Home Oxygen Safety
Although generally safe, oxygen poses a fire risk and as such you’ll need to take certain safety steps. Oxygen itself isn’t explosive, but it can worsen a fire. In the presence of oxygen, a small fire can quickly get out of control. Also, the cylinder that compressed oxygen gas comes in might explode if exposed to heat.
- Oxygen canisters should be kept at least 5-10 feet away from gas stoves, lighted fireplaces, wood stoves, candles or other sources of open flames.
- Do not use electric razors while using oxygen. (These are a possible source of sparks.)
- Do not use oil, grease or petroleum-based products on the equipment. Do not use it near you while you use oxygen.
- These materials are highly flammable and will burn readily and violently in an oxygen rich environment. Avoid oil or petroleum-based lotions or creams, like Vaseline, on your face or upper chest. Check the ingredients of such products before purchase. Refrain from using aerosol sprays. If a skin moisturizer is needed, consider using cocoa butter, aloe vera or other similar products. For lubrication or re-hydration of dry nasal passages, use water-based products. Your pharmacist or care provider can suggest these.
- Never leave oxygen supply running when not in use. Oxygen can enrich various materials and cause them to become extremely flammable.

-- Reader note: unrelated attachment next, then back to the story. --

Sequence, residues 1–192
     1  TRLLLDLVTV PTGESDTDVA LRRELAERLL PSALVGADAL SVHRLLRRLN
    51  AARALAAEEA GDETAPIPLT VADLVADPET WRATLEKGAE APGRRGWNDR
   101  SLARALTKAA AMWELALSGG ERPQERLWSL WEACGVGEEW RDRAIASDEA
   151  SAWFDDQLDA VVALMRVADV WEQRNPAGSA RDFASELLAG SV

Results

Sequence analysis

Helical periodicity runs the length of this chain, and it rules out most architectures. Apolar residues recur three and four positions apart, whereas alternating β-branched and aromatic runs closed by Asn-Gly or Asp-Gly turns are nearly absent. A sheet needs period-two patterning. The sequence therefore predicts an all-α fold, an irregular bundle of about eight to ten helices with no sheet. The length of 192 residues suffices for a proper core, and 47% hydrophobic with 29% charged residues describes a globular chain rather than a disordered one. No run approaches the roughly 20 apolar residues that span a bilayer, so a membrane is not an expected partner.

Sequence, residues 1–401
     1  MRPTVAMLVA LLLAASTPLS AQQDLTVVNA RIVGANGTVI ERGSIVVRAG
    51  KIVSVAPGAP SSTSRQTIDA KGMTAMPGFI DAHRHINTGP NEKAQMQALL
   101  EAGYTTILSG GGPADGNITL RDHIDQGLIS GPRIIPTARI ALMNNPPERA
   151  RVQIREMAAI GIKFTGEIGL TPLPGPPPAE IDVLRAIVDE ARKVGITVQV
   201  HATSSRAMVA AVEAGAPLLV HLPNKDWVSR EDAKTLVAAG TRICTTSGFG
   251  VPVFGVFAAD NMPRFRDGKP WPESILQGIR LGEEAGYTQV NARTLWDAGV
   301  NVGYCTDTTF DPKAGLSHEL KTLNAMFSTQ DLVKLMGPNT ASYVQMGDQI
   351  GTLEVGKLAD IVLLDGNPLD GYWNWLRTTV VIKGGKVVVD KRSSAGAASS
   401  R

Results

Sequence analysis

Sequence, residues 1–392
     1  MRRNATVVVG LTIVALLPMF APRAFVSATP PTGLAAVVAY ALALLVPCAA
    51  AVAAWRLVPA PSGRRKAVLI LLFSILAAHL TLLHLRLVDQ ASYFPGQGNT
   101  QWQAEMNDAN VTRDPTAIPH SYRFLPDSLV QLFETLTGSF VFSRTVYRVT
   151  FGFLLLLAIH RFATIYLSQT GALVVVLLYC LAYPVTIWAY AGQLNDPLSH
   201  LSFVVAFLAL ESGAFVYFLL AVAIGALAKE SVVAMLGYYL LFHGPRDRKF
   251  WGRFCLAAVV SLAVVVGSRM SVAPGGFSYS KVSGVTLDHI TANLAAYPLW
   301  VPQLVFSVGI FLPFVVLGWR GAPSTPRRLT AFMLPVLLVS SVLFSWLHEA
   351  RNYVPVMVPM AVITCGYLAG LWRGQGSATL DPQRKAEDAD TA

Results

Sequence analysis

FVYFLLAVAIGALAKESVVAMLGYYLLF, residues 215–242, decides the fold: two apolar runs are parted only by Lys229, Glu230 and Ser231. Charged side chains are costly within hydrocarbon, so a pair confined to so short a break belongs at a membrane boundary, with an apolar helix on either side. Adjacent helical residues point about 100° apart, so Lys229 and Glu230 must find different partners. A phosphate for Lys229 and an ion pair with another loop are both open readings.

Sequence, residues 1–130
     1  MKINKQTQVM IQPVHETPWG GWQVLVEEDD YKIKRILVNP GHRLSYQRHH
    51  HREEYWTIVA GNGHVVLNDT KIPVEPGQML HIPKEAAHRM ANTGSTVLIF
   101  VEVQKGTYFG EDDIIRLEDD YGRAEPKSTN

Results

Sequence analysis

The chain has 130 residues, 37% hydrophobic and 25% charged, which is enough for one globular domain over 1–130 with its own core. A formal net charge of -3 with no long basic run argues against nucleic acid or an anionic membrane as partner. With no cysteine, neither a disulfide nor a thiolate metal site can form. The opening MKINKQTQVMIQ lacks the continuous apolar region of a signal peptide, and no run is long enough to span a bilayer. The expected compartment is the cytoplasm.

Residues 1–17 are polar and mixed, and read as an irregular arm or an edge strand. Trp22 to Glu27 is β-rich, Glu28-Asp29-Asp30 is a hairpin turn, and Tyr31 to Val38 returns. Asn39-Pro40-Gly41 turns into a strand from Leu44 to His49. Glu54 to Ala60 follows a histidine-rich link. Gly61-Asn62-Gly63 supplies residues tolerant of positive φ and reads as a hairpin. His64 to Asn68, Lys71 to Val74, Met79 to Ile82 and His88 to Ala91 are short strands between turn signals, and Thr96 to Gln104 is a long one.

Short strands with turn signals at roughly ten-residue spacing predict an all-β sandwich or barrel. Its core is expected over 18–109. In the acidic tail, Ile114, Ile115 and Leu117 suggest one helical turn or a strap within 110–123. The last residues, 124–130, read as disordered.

- Use your concentrator in a well-ventilated area.
- Post signs in every room where oxygen is in use. Make sure that absolutely NO SMOKING occurs in the home or in the car when oxygen is in use.
- Secure an oxygen cylinder to a solidly fixed object to avoid creating a missile out of the tank. This might happen if it was accidentally knocked over and gas was allowed to escape.
- Use caution with oxygen tubing so you do not trip over it or become entangled in furniture.
- Be familiar with the equipment and the safety checks established by your RRT. Keep ARC Network’s contact telephone numbers, and the numbers for other emergency services, posted near a phone. Do not try to repair broken equipment on your own. Request this service from ARC.
- Make sure smoke detectors in the home are working, install fresh batteries, and perform monthly checks. Have a fire extinguisher available in the home (use type ABC). Create and practice an escape and rescue plan in the event of a fire.
- Notify the local fire department, gas and electric companies and telephone company when home oxygen therapy is started. Request a “priority service listing.” This is for those times when there is a power or telephone failure or repairs are needed on any utility.
- In the event of a fire, evacuate the premises immediately and contact 911. Advise the emergency operator of the presence of gas cylinders in the house. Contact ARC thereafter, when you are able.
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